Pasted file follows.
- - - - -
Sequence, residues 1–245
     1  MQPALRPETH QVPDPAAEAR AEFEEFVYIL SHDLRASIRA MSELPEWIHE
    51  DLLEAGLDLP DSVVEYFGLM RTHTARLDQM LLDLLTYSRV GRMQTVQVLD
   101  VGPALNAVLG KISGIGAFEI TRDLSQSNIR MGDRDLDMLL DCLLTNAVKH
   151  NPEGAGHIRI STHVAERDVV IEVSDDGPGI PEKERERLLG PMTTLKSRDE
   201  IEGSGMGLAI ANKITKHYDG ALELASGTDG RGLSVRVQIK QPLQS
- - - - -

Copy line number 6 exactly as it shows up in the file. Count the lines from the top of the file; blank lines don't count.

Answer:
   201  IEGSGMGLAI ANKITKHYDG ALELASGTDG RGLSVRVQIK QPLQS